Playing a game on a phone or tablet on the couch is one thing, but a new game for Windows Phone and Windows tablets shows what can happen when a moving vehicle and real-world location are part of the mix.
The game, “Dragons Adventure: World Explorer,” is based on the “How to Train Your Dragon?” series, published by DreamWorks in partnership with Microsoft. It features a mode designed to be played by kids when they’re riding in the car — flying their digital dragon in an area around the vehicle (represented on the map in the game as a cart) by putting in the destination for their road trip and letting the game work its magic.
They can play as Hiccup or Astrid, the film’s male and female lead characters, and ride a variety of dragons from the film over a fantasy landscape generated by data from Nokia’s Here Maps service.
In addition to Here Maps data, the game also integrates information from The Weather Channel to adapt the weather in-game to match the weather in the locale that players are flying over at any given time. The game also integrates data from Foursquare to display the names of nearby places as players fly over them.
“What happens is it takes that destination and creates a personalized quest,” Pete Mauro, a Producer for Global Innovation and App Development at Microsoft, told GeekWire in an interview. “So, it knows where you’re going, it knows how long it takes to get there, it’s looking at traffic information and the route, so it has a progress bar that goes across, and when you arrive and you cross the finish line, the game is over, and (kids) hand the tablet back.”
I went on a ride-along with Mauro, and watched him navigate Toothless (the leading dragon from the film) over the game’s fictionalized version of the Bay Area, flying over nearby businesses, which all showed up by name as he passed over them. It definitely lent a sense of whimsy to the ride. It’s weird and fun to drive past a gas station that only moments ago played host to a digital siege tower that flung sheep at a dragon on a tablet screen.
The in-vehicle “Train” mode does require that players download the map data to play, which means that parents either need to provide their kids with a device that is capable of getting on a cellular data network, or spend time in an area while on Wi-Fi to let the game cache the map it needs before taking off on the road.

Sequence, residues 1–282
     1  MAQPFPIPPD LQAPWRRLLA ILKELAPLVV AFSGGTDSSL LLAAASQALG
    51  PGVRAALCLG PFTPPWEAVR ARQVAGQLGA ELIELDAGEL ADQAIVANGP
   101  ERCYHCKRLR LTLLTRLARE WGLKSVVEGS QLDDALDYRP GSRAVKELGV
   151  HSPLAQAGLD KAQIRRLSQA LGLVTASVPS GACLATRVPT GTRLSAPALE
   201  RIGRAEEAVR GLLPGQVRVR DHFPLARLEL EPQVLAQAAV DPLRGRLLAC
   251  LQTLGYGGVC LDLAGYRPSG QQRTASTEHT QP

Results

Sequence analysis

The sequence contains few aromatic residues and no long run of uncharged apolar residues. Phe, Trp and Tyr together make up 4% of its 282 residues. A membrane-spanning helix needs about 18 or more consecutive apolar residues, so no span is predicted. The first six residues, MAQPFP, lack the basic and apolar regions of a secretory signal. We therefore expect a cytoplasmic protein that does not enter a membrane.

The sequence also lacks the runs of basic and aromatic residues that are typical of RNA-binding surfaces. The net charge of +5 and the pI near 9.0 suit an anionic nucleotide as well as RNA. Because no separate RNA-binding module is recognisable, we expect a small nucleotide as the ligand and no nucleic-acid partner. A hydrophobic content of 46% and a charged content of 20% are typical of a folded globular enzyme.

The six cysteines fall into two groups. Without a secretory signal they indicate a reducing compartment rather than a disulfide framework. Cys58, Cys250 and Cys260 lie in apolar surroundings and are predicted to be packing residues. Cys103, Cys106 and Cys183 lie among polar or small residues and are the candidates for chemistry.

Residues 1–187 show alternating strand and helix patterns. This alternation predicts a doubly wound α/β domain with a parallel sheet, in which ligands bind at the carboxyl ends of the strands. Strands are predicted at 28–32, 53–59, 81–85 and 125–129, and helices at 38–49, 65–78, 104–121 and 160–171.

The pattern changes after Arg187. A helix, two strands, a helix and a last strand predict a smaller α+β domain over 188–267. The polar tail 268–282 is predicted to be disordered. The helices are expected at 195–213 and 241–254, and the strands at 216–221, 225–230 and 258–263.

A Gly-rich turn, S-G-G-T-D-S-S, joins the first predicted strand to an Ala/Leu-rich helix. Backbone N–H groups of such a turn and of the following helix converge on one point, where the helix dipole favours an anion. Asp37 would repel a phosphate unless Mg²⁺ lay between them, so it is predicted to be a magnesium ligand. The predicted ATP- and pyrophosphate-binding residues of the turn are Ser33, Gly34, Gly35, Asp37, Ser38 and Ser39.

Kids who want to play at home can follow through the game’s story with Explore mode, which lets them complete missions and fly over different regions in the world. One mission has kids flying over Washington, D.C., while another will take them over the fantasy world generated from Mexico City’s map.
What’s more, Microsoft is looking to make those tools available for other game developers working with the Unity game engine. In the future, Mauro hopes that devs will be able to build the same location awareness tools that power Dragons Adventure into their other games, without having to negotiate a deal with Nokia, a deal with Foursquare and a deal with the Weather Channel.
“We gave it to developers as a test a couple months ago, and within one week, they took our dragon game and re-skinned it into this post-apocalyptic world just by changing the textures and the props and some of the assets in the game,” Mauro said. “So it’s really easy to take this and do something different with it.”
The game is available for free, and all of its features are available without any sort of in-app purchase. As for future monetization plans, Mauro said that it’s possible Microsoft may leverage the location awareness features in the game to serve special offers or other advertisements to players or their parents.
It’s unclear if Dragons Adventure will be a big enough hit to drive sales of Microsoft’s products, but it could help kick-start increased development of kids’ games for Windows tablets and Windows Phone.
Right now, Windows Phone isn’t anywhere close to competing with iOS or Android for smartphone market share in the U.S., and Windows tablets are seeing a fraction of the usage that the iPad is getting.